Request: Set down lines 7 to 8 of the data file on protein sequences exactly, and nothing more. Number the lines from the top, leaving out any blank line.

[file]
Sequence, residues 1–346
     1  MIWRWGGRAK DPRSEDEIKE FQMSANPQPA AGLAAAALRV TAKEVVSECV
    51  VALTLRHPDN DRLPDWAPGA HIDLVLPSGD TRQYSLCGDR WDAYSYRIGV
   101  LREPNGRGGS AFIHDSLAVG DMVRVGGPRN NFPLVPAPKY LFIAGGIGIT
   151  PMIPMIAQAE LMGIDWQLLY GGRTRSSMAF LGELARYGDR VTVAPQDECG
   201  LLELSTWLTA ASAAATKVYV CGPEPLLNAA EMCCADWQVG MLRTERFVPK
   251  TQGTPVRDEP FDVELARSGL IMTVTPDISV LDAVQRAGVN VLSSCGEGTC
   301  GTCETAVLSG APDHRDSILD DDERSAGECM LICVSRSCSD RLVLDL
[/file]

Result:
   251  TQGTPVRDEP FDVELARSGL IMTVTPDISV LDAVQRAGVN VLSSCGEGTC
   301  GTCETAVLSG APDHRDSILD DDERSAGECM LICVSRSCSD RLVLDL